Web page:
gulp.task("Realtime-Copy-MongoDB-dll's", function () {
    console.log("Copying mongodb assemblies to website");
    var root = "./src/Foundation/Realtime/code/bin/Sitecore";
    var binFiles = root + "/*.{dll,pdb}";
    var destination = config.websiteRoot + "/bin/Sitecore/";
   
    console.log("copying to " + destination);


    return gulp.src(binFiles, { base: root })
      .pipe(gulp.dest(destination));
});

gulp.task("Realtime-Copy-Newtonsoft-dll", function () {
    console.log("Copying newtonsoft assemblies to website");
    var root = "./src/Foundation/Realtime/code/bin";
    var binFiles = root + "/Newtonsoft.Json.{dll,pdb,xml}";
    var destination = config.websiteRoot + "/bin/";

    console.log("copying to " + destination);


    return gulp.src(binFiles, { base: root })
      .pipe(gulp.dest(destination));
});

gulp.task("Realtime-Xml-Transform", function () {
    return gulp.src("./src/Foundation/Realtime/**/code/*.csproj")
      .pipe(foreach(function (stream, file) {
          return stream
            .pipe(debug({ title: "Applying transform realtime:" }))
            .pipe(msbuild({
                targets: ["ApplyTransform"],
                configuration: config.buildConfiguration,
                logCommand: false,
                verbosity: "normal",
                maxcpucount: 0,
                toolsVersion: 14.0,
                properties: {
                    WebConfigToTransform: config.websiteRoot + "\\web.config"
                }
            }));
      }));

});

The last one is to make sure that we run the xml transform for the project.

RealtimeHub.cs

This is the brain of the SignalR, the hub will take care of incoming(javascript calls from the client) and outgoing(calling javascript methods on the client) calls.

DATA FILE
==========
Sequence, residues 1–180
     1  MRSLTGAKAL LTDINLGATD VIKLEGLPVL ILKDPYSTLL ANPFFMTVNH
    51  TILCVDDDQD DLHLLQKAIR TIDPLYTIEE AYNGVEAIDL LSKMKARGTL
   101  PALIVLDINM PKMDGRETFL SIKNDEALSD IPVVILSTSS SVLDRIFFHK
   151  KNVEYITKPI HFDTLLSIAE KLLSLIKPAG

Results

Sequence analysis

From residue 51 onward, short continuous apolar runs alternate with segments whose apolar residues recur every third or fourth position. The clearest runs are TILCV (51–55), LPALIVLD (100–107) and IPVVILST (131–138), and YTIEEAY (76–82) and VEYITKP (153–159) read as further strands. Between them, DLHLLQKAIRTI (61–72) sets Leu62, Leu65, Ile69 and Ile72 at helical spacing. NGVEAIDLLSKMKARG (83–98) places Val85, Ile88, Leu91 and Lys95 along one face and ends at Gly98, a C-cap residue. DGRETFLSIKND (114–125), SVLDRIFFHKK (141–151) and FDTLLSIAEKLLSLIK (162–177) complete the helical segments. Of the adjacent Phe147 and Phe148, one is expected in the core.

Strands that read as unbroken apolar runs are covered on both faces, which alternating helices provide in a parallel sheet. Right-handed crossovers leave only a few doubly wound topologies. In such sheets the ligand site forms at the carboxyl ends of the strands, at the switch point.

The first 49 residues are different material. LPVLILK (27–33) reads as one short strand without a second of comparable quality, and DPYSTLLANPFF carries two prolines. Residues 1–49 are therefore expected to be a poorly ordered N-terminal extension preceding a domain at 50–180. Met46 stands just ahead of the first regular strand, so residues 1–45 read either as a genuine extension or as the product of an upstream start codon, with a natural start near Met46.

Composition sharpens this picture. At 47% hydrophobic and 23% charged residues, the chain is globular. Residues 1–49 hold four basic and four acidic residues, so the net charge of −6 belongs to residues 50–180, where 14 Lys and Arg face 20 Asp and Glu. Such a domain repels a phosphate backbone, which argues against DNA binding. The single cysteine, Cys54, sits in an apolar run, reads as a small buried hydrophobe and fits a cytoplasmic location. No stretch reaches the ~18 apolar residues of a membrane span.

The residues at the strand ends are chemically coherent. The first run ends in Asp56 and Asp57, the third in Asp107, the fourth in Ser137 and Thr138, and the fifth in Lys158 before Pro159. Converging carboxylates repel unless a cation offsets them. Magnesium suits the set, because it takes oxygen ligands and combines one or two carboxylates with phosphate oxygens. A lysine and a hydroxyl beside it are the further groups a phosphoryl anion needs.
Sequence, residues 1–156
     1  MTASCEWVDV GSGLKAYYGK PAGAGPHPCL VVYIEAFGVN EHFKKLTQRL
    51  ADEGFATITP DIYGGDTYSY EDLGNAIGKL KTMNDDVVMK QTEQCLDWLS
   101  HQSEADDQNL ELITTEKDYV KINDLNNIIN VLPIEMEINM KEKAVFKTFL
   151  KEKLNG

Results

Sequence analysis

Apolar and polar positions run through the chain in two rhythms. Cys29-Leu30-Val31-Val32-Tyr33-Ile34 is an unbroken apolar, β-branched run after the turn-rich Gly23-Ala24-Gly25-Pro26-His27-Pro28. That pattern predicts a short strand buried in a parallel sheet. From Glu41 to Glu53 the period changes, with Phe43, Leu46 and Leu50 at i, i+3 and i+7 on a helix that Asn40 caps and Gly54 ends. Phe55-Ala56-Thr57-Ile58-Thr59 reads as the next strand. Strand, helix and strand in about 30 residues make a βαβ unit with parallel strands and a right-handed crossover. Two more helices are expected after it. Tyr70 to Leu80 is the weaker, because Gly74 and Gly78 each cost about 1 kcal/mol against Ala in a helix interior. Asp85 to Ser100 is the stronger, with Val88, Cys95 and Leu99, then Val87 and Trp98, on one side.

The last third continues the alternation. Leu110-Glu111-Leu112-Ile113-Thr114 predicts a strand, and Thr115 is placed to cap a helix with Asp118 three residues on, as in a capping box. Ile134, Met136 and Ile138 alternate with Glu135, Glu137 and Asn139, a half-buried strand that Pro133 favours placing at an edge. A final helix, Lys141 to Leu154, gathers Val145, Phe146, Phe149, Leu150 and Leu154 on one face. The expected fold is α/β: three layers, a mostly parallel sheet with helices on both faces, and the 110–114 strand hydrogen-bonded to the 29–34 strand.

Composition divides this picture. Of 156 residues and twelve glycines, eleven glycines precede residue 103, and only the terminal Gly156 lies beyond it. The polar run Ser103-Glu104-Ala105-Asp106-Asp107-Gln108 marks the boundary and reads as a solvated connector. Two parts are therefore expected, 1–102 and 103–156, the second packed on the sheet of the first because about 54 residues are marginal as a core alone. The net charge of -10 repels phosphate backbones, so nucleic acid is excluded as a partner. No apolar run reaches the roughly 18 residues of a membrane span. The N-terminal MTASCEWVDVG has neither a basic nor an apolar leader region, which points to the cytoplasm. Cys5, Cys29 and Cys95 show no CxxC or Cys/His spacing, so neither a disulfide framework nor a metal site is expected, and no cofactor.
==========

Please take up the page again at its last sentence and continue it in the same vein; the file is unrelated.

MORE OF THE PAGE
It’s very well described in my older post: Create a real-time connection.
You can check out the the code on GitHub – RealtimeHub.cs

Realtime.js

This is the heart of the SignalR, the javascript will feed and listen to the “brain”(hub).

It’s also very well described in my older post: Gather visitor data.
You can check out the the code on GitHub – Realtime.js

RegisterSignalrProcessor.cs

The pipeline will replace the old startup class. We will need to mark it with OwinStartup(SignalR requires Owin).

using Microsoft.Owin;
using VisionsInCode.Foundation.Realtime.Pipelines;

[assembly: OwinStartup(typeof(RegisterSignalrProcessor))]
namespace VisionsInCode.Foundation.Realtime.Pipelines
{
  using Microsoft.AspNet.SignalR;
  using Owin;
  using Sitecore.Diagnostics;
  using Sitecore.Pipelines;
  using VisionsInCode.Foundation.Realtime.Infrastructure;
  using VisionsInCode.Foundation.Realtime.Repositories;

  public class RegisterSignalrProcessor
  {
    public void Configuration(IAppBuilder app)
    {
      Log.Info("OwinStartup has started", this);

      
      GlobalHost.HubPipeline.AddModule(new ErrorHandlingHubPipelineModule());


      GlobalHost.DependencyResolver.Register(
            typeof(RealtimeHub),
            () => new RealtimeHub(new RealtimeVisitorRepository(), new GeoCoordinateRepository(), new HubContextService(), new GeocoderService()));

      app.MapSignalR();

    }

    public virtual void Process(PipelineArgs args)
    {
      Log.Info("Pipeline RegisterSignalrProcessor called", this);

    }

  }
}

You can check out the the code on GitHub – RegisterSignalrProcessor.cs

Foundation.Realtime.config

And finally the config patch file:

<configuration xmlns:patch="http://www.sitecore.net/xmlconfig/" xmlns:set="http://www.sitecore.net/xmlconfig/set/">
  <sitecore>
    <settings>
      <setting name="IgnoreUrlPrefixes">
        <patch:attribute name="value">/sitecore/default.aspx|/trace.axd|/webresource.axd|/sitecore/shell/Controls/Rich Text Editor/Telerik.Web.UI.DialogHandler.aspx|/sitecore/shell/applications/content manager/telerik.web.ui.dialoghandler.aspx|/sitecore/shell/Controls/Rich Text Editor/Telerik.Web.UI.SpellCheckHandler.axd|/Telerik.Web.UI.WebResource.axd|/sitecore/admin/upgrade/|/layouts/testing|/sitecore/service/xdb/disabled.aspx|/signalr|/signalr/hubs</patch:attribute>
      </setting>
    </settings>
    <pipelines>
      <initialize>